What Is a Manmade Ecosystem?

A manmade ecosystem is an artificial biological system that is managed and sustained by people. The same components that interact in a natural ecosystem are also present in this simulated type of biological community. In the absence of human interference, a manmade ecosystem fails to thrive.

An ecosystem is a complex structure where the biodiversity that inhabits a particular place forms associations with their physical surroundings. The two primary components comprising an ecosystem are biotic, or living factors, and abiotic, or nonliving elements. Biotic factors include all the flora and fauna present in the ecosystem while abiotic factors include climate, sunlight, temperature, water supply, soil and all other nonliving parts that directly influence the biotic constituents.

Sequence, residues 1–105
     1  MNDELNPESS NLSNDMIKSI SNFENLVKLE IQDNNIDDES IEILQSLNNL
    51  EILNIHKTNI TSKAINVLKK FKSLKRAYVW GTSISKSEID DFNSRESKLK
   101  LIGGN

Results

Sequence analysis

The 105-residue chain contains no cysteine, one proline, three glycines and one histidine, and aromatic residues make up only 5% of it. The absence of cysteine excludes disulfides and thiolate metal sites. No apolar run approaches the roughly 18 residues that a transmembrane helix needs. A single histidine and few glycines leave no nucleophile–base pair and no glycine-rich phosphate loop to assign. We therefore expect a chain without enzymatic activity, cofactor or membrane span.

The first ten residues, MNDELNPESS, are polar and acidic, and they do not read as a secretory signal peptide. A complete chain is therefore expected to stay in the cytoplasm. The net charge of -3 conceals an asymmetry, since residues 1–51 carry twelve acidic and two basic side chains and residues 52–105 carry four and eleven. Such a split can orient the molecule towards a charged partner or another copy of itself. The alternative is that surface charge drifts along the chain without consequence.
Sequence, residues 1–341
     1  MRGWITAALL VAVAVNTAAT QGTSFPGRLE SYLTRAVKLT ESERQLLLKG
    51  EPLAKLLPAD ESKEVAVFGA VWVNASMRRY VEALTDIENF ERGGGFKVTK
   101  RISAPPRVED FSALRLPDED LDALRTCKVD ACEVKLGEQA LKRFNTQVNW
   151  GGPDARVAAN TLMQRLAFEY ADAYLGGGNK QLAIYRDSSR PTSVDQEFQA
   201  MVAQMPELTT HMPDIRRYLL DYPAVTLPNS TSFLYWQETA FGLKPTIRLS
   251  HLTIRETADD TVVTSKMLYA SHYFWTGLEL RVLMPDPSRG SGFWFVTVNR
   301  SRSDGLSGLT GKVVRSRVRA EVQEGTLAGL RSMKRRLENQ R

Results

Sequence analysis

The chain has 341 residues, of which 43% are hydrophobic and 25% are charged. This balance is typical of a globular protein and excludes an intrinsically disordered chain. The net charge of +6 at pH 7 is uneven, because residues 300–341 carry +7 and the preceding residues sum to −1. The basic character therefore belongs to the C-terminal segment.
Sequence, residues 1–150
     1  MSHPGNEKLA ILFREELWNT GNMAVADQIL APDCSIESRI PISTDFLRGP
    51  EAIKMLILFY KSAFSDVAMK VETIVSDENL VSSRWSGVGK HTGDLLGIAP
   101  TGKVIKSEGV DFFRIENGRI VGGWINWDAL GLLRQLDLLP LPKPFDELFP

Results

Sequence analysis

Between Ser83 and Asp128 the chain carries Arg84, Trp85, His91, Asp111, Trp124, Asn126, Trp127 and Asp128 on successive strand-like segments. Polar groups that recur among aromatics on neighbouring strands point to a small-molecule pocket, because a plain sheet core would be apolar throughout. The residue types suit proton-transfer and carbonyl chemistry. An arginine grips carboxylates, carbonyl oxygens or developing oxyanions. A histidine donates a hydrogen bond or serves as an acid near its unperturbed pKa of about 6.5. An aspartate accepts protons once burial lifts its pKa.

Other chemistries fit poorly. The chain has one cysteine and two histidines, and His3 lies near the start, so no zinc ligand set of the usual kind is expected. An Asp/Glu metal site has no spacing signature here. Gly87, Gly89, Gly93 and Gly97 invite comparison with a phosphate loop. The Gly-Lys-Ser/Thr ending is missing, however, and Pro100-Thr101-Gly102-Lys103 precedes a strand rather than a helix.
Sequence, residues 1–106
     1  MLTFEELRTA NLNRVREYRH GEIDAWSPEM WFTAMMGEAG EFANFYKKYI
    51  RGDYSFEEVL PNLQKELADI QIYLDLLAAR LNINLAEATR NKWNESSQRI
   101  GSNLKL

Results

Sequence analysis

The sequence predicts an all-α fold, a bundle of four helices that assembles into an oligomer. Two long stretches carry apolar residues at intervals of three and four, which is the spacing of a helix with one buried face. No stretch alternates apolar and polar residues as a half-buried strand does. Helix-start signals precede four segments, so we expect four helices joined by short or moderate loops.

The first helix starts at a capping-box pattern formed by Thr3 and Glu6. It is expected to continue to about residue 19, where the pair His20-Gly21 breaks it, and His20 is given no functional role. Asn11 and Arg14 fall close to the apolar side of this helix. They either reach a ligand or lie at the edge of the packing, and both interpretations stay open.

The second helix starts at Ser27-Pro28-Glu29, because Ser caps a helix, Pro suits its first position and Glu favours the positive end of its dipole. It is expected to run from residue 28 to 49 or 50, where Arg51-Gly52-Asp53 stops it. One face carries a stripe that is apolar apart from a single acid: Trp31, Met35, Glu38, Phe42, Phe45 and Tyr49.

An ecosystem can either be naturally formed or artificially created. Natural ecosystems are mainly categorized into two: terrestrial and aquatic. Forests and deserts are examples of terrestrial ecosystems while rivers and streams are aquatic ecosystems. Gardens, zoos and parks are terrestrial artificial ecosystems while dams, artificial lakes and aquaria are examples of manmade ecosystems.

The conditions of manmade ecosystems are regularly maintained through human supervision. Although it is often smaller and less complex than a natural ecosystem, forming simpler interrelationships between the various components, a manmade ecosystem requires careful planning and maintenance for it to flourish.